YA fiction — reasoning being that I’m 25 and I expect my partners to have a more wide scope of novels they enjoy than Divergent, Camp Halfblood, or Hunger Games. Good books! .. for an audience that isn’t me.

The Hobbit — #gatekeeping here but any true Tolkien fan knows the Children of Húrin is the only good answer. ;) OK, but seriously, this is sarcasm, I’d like to meet someone who enjoyed the Hobbit.

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I say anything Rachel Hollis. Girl, wash yourself away 😒😂
Hidden 3 mos ago Post by POOHEAD189
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More seriously though, does anyone really have a single favorite book? I can probably produce a list of my favorite books plural, but does it make sense to look at one book and say this is my favorite?

True, I can't even begin to guess my favorite book of all time.

The Hobbit — #gatekeeping here but any true Tolkien fan knows the Children of Húrin is the only good answer. ;) OK, but seriously, this is sarcasm, I’d like to meet someone who enjoyed the Hobbit.

I thoroughly love the Hobbit, what's wrong with it? I honestly found Children of Hurin to be a little boring but still interesting.
Hidden 3 mos ago 3 mos ago Post by Rapid Reader
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Okay I'll lay some cards on the table. Some books mentioned here already get a nope from me, Atlas Shrugged for example. I'd also probably nope on a relationship if someone told me their favourite book series was Harry Potter. It's a kids book, and a poorly written one at that, grow the fuck up.


If you're going to pick children's books or YA as an adult, at least pick Redwall, just saying.




I do agree with a lot of comments here, I think my one thought in terms of people saying they love children's books or YA as an adult (over 18), would be that it's kind of odd to me.

Unless, perhaps, the person is really mostly talking about nostalgic feelings (e.g., I don't think I would legitimately pick Redwall as my favorite book anymore but I do remember it with a lot of fodness and nostalgia).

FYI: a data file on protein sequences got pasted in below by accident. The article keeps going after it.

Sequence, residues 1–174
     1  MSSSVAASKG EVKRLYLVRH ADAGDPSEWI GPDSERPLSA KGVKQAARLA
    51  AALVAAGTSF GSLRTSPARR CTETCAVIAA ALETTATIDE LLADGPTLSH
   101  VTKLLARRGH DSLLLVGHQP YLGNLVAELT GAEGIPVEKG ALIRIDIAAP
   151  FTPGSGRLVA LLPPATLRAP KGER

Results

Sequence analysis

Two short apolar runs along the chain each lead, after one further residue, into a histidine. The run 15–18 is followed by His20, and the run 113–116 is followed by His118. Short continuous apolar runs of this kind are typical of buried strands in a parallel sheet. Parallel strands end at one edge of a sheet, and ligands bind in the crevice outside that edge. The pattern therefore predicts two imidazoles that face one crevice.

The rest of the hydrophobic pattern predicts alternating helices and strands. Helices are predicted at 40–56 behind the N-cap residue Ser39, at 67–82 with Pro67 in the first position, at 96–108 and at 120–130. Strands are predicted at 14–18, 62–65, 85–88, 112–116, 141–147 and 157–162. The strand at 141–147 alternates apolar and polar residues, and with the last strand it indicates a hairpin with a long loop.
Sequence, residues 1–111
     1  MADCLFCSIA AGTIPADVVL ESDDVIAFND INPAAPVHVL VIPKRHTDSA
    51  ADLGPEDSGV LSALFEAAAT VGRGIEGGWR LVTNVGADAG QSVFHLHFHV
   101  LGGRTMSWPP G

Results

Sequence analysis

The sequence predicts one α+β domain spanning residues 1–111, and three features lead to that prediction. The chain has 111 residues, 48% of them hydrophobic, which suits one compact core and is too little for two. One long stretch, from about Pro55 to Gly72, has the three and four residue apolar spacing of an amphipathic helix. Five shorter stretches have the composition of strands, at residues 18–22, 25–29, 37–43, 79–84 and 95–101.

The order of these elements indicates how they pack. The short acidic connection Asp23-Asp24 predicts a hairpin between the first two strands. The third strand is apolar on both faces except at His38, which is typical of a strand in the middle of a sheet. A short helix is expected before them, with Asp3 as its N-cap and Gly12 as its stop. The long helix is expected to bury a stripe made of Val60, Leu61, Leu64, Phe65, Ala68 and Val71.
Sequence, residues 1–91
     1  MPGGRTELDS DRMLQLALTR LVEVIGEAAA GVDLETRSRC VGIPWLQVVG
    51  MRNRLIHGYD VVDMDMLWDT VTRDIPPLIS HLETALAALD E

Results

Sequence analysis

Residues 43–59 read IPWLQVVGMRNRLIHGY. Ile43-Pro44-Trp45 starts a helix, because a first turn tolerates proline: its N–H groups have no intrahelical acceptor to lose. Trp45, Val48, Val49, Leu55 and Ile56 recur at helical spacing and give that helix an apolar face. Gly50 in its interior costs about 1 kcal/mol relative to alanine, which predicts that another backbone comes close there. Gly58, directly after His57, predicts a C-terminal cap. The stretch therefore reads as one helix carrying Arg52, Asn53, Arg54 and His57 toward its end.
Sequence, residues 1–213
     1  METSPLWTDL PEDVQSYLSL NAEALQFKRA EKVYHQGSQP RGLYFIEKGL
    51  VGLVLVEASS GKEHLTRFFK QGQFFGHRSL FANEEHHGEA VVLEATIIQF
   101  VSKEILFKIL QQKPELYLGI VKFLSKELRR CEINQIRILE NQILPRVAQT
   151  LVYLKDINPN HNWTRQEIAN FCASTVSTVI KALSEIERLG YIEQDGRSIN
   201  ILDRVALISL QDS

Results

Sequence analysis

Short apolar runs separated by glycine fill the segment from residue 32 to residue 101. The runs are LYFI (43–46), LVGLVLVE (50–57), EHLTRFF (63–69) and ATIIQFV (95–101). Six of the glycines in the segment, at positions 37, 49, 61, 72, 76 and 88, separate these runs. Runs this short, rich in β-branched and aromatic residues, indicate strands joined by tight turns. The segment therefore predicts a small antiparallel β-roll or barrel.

Just felt like repeating to Atlas Shrugged is truly an awful book.




Man, you two would hate the millions of other general self-help books that get published every year.


I think it's less of an issue because it's a self help book and more of an issue of the overlap that exists between people who view Jordan Peterson as a) interesting, b) insightful, or c) a person worth studying and people that I don't want to date is sky high.

Although generally, I'm pretty disdainful and critical of self help books. However, there's a difference between books loved by mostly sad moms and books loved by some really creepy dudes (not exclusively, but my limited experience hasn't been great with Peterson fans, so to save my own time it's an easy red flag).

Academically or in terms of research I just get really tired of Peterson going off the rails and babbling (poorly) about things he doesn't really seem to understand or have studied. He was really at his intellectual peak when he published his Carl Jung fan fics and got tenture.

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Hidden 3 mos ago 3 mos ago Post by Shu